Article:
I regularly stress to lawyers the importance of avoiding conflicts. There is no such thing as a small conflict. It is either/or. As they say, if you think it is a small issue, you have never been in a dark room with a mosquito.
Having stressed the likely results with a conflict in a claim against a lawyer, I recently gave a conflicts presentation which highlighted the need to first develop a solid conflict checking procedure. We often forget that the later conflicts check comes directly from the initial file opening, done perhaps years before. In that presentation, I decided I could do them more good with conflicts by helping them develop a good procedure to open files.
As the law practice has changed, clearing conflicts now has to be both nimble and effective at the same time. The time of getting back to the client next week is over. The reasonable man standard, as applied to lawyers, requires you to use computer-assisted technology to do conflicts, in my opinion. A study by HBR Consulting in 2016 showed that lawyers reported 58% lost business due to delays in clearing conflicts while 75% reported new business because they cleared conflicts promptly. So, your system needs to be reliable and needs to work quickly.
First of all, the contacted lawyer needs to stop the prospective client from revealing facts or confidences until after the conflicts are cleared. If you are conflicted out on the new case because you are already representing the opposing party, you could be then conflicted out of both if you heard the facts and defenses of the proposed new client, before you cleared the case. Most often, the lawyer must actively stop the proposed client from revealing these facts at the initial call.
Most professional rules require conflict checks at these times (e.g. NY Bar Assoc. Comm. On Professional Ethics Opinion 1085):
• When the firm agrees to represent a new client;
• When the firm agrees to represent an existing client in a new matter;
• When the firm brings in lawyers who have practiced before;
• When an additional party is named or appears in a pending matter.
So, all this stresses that you are not done with just the original check. It is a moving target and that requires the lawyer to initiate later checks during the handling of the matter. For this reason, your process needs to be solid, highly accurate, and functional.
The file opening procedure therefore is the ground work for the later computer-assisted checks. The opening system should force the lawyer to determine exactly who the client is and to so state that along with the scope of the engagement (both should be upfront in the engagement letter). In claims you sometimes see lawyers who were not clear that they were representing the corporation and not the CEO or the Board, as an example. Occasionally, they also lose sight of their client during the representation. The basic issue for the conflicts check thereafter always starts with checking against clients.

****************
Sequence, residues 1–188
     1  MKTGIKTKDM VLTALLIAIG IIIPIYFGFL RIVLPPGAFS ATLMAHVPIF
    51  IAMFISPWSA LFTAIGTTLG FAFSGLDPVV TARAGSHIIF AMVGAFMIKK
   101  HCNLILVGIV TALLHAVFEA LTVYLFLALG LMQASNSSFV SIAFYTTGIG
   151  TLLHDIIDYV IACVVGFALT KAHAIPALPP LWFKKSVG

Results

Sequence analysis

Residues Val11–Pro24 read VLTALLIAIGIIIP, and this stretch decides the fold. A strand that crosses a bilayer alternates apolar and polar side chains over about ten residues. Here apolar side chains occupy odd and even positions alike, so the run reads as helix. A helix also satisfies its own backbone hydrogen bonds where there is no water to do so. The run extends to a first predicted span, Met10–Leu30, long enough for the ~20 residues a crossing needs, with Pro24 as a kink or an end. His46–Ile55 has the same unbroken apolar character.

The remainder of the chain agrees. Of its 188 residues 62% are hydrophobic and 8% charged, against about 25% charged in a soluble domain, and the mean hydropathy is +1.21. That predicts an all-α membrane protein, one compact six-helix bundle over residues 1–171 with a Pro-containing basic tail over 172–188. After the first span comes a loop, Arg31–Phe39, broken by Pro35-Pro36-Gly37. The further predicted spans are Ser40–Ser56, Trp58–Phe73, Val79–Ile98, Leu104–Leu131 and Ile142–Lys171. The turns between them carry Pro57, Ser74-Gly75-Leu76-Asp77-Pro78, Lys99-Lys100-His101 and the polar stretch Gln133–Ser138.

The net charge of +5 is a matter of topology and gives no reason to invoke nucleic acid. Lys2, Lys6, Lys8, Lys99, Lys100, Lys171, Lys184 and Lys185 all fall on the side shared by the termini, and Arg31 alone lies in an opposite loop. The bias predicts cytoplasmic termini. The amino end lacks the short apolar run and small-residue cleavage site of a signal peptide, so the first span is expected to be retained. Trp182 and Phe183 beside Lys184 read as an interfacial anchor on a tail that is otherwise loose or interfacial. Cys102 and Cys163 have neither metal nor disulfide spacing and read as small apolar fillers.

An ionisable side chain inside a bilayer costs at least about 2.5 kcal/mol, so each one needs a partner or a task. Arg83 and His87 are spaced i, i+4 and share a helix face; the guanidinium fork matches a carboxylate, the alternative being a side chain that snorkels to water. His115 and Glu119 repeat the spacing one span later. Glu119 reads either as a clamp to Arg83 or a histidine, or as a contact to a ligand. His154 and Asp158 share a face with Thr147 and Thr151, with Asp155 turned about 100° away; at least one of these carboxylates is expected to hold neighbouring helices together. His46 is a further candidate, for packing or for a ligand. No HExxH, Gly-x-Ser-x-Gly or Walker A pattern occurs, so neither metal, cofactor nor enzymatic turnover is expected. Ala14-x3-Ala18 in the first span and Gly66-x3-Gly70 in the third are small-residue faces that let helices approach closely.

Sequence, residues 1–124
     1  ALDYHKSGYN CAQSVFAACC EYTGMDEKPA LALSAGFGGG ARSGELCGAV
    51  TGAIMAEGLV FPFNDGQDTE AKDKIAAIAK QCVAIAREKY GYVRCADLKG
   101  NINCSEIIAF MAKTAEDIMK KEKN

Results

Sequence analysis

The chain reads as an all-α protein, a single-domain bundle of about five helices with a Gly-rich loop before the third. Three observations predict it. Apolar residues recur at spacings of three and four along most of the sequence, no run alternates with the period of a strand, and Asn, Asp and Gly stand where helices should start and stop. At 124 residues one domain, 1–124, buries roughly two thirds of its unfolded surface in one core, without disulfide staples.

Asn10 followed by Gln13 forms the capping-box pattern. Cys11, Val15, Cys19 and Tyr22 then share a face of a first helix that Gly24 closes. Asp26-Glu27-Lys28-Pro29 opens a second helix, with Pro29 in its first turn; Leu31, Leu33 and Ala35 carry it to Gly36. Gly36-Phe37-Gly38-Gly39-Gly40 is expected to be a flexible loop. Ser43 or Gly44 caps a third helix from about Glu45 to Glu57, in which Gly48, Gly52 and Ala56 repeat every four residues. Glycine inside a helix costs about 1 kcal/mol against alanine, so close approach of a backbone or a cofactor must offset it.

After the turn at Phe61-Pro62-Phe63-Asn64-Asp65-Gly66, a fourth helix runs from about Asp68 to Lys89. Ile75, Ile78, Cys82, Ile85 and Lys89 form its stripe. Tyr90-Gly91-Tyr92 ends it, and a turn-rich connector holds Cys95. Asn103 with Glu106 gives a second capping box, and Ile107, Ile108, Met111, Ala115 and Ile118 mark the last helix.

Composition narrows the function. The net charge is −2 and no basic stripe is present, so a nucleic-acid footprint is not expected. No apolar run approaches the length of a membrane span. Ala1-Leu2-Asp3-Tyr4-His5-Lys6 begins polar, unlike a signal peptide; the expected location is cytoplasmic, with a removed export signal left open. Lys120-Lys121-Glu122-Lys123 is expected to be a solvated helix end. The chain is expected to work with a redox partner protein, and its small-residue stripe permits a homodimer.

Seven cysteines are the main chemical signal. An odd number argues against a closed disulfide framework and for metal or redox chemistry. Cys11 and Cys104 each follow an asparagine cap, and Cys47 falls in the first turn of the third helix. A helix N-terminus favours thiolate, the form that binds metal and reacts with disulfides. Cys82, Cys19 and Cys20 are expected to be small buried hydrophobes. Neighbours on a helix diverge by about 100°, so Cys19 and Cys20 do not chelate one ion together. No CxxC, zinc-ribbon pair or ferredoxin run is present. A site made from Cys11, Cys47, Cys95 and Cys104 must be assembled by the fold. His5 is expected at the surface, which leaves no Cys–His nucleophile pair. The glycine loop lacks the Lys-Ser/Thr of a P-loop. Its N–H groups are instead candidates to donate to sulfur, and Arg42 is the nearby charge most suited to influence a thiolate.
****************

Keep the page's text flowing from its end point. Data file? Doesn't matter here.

Secondly, to whom will this new client be adverse? That is also a fundamental element in later checks. Adverse before, and adverse now, would not be a problem in the conflicts check. Another block in the opening process should include a listing of “other parties” in the litigation or the transaction. This becomes relevant if a new party enters, or some other claim is made. So long as you are neither adverse to them, nor have relevant confidential information from them on the issue, you could have current clients in a case you are handling for a new client as “other parties”.
While not necessarily a conflict (see ABA Opinion 95-390 (1995)) being adverse to a client’s affiliate or subsidiary can cause you some issues unless resolved with the current client. Accordingly, it is helpful to list all known affiliates when opening a new matter. Watch out for client guidelines that seek to impose “one equals all” rules upon you when these do not necessarily exist under the professional rules. Likewise, a listing of the principal contact for the file may present an embarrassing moment years later when another partner sues the CEO of your current client. Not a true conflict if you only represented the company, but it sure presents a political and practical conflict.
These basics should all go into your normal file openings, followed by an engagement letter. Later when a search is made, your system should give you back a full report that allows “wild card” or “expander” type searches of various spellings of the name. Your conflicts report then would show prior clients with that name, the matter, and when opened and when closed, if so. I suggest a line for the attorney to sign and date showing he or she checked all the disclosed information against the new parties. It sure makes a good exhibit in any claim against the lawyer alleging a conflict of interest.